Major solar flare measuring X1.6 erupted from Region 2205, Earth-directed CME

Major solar flare measuring X1.6 erupted from Region 2205, Earth-directed CME

A major solar flare measuring X1.6 (R3 - Strong radio blackout) at its peak time erupted from Region 2205 ('beta-gamma-delta') on November 7, 2014. The event started at 16:53, peaked at 17:26 and ended at 17:34 UTC.

This region already produced several moderate to strong eruptions during last couple of days. Coronal Mass Ejections (CMEs) were generated during those eruptions but were, until now, directed mostly away from our planet.

A Type II (602 km/s) and IV radio emissions accompanied the event. Type IV emissions occur in association with major eruptions on the sun and are typically associated with strong CMEs and solar radiation storms. 

Additionally, a 10cm Radio Burst lasting 11 minutes (560 sfu) was associated with the event indicatiing significant radio noise in association with a solar flare. This noise is generally short-lived but can cause interference for sensitive receivers including radar, GPS, and satellite communications.

A partial halo CME was first observed in SOHO/LASCO C2 imagery at 18:08 UTC. WSA/ENLIL modeling of the event shows a partially Earth-directed component that is expected to impact the geomagnetic field early to midday on November 10.

G2 (Moderate) geomagnetic storm levels are expected as a result.

WSA/ENLIL model showing expected CME impact on Monday, November 10, 2014.

Space Weather Message Code: SUMX01
Serial Number: 110
Issue Time: 2014 Nov 07 1739 UTC
SUMMARY: X-ray Event exceeded X1
Begin Time: 2014 Nov 07 1653 UTC
Maximum Time: 2014 Nov 07 1726 UTC
End Time: 2014 Nov 07 1734 UTCX-ray Class: X1.6Location: N15E38NOAA Scale: R3 - StrongPotential Impacts: Area of impact consists of large portions of the sunlit side of Earth, strongest at the sub-solar point.
Radio - Wide area blackout of HF (high frequency) radio communication for about an hour.
Space Weather Message Code: ALTTP4
Serial Number: 487
Issue Time: 2014 Nov 07 1756 UTCALERT: Type IV Radio EmissionBegin Time: 2014 Nov 07 1735 UTC
Description: Type IV emissions occur in association with major eruptions on the sun and are typically associated with strong coronal mass ejections and solar radiation storms.
Space Weather Message Code: ALTTP2
Serial Number: 983
Issue Time: 2014 Nov 07 1756 UTCALERT: Type II Radio EmissionBegin Time: 2014 Nov 07 1719 UTCEstimated Velocity: 602 km/sDescription: Type II emissions occur in association with eruptions on the sun and typically indicate a coronal mass ejection is associated with a flare event.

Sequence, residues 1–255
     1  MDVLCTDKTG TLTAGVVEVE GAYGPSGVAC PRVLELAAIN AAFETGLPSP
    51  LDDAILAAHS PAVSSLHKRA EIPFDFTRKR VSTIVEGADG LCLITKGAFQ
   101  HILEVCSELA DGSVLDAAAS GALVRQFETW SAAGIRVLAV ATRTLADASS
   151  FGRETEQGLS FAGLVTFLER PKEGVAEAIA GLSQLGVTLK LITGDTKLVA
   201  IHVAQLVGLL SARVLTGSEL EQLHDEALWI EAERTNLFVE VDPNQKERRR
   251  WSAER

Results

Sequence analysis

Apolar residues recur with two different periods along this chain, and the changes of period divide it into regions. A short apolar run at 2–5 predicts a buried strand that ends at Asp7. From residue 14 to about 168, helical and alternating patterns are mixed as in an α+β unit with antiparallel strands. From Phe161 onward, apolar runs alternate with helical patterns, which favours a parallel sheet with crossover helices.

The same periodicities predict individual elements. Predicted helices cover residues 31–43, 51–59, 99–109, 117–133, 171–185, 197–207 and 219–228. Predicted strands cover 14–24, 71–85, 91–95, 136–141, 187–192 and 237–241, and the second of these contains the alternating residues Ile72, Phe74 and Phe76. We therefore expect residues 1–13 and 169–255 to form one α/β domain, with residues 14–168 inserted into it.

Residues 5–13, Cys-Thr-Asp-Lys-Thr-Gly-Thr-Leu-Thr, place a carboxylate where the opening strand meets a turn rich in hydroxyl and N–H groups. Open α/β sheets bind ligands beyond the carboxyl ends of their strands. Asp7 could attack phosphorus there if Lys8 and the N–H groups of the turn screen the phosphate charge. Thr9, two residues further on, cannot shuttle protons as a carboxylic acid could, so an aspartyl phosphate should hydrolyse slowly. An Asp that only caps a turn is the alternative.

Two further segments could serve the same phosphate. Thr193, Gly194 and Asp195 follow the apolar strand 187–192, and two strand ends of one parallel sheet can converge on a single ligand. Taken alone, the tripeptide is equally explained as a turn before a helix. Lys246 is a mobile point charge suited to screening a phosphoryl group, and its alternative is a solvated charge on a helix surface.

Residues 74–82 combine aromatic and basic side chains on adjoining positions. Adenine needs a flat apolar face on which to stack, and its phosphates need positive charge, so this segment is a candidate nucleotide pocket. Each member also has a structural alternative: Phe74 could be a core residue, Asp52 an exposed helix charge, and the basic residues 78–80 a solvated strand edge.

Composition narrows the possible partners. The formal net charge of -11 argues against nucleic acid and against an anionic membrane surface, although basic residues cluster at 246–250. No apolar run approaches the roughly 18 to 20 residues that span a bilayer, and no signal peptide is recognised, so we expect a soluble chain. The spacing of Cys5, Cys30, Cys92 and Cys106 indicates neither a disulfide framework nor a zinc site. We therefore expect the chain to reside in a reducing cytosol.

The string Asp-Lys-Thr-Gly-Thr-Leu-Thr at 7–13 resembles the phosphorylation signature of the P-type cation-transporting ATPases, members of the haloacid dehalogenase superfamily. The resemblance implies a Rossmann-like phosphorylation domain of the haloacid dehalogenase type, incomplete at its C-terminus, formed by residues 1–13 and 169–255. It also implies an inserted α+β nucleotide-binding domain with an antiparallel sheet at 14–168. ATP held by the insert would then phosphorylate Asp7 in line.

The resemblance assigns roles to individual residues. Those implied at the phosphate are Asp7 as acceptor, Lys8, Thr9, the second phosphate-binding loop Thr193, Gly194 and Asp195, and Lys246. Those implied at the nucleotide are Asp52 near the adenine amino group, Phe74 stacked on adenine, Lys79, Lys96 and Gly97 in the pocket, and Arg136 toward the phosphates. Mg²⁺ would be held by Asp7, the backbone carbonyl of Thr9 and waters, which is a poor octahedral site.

Space Weather Message Code: SUM10R
Serial Number: 643
Issue Time: 2014 Nov 07 1817 UTCSUMMARY: 10cm Radio BurstBegin Time: 2014 Nov 07 1749 UTC
Maximum Time: 2014 Nov 07 1751 UTC
End Time: 2014 Nov 07 1800 UTCDuration: 11 minutesPeak Flux: 560 sfuLatest Penticton Noon Flux: 136 sfu
Description: A 10cm radio burst indicates that the electromagnetic burst associated with a solar flare at the 10cm wavelength was double or greater than the initial 10cm radio background. This can be indicative of significant radio noise in association with a solar flare. This noise is generally short-lived but can cause interference for sensitive receivers including radar, GPS, and satellite communications.
Space Weather Message Code: WATA30
Serial Number: 117
Issue Time: 2014 Nov 08 1039 UTC
WATCH: Geomagnetic Storm Category G2 PredictedHighest Storm Level Predicted by Day:
Nov 08: None (Below G1) Nov 09: None (Below G1) Nov 10: G2 (Moderate)
THIS SUPERSEDES ANY/ALL PRIOR WATCHES IN EFFECT
Potential Impacts: Area of impact primarily poleward of 55 degrees Geomagnetic Latitude.
Induced Currents - Power grid fluctuations can occur. High-latitude power systems may experience voltage alarms.
Spacecraft - Satellite orientation irregularities may occur; increased drag on low Earth-orbit satellites is possible.
Radio - HF (high frequency) radio propagation can fade at higher latitudes.
Aurora - Aurora may be seen as low as New York to Wisconsin to Washington state.

Sunspots

There are currently 6 numbered sunspot regions on the disk. Region 2205 appeared to have some growth with an east-west inversion line dividing the central spots yesterday and today.

Sunspots on November 7, 2014. Image credit: NASA SDO/HMI

2201 - Beta
2202 - Alpha
2203 - Beta
2204 - Beta
2205 - Beta-Gamma-Delta
2206 - Alpha

  • For real-time updates and alerts visit SWS.

Featured image: NASA SDO / AIA 131

Tags: x-class

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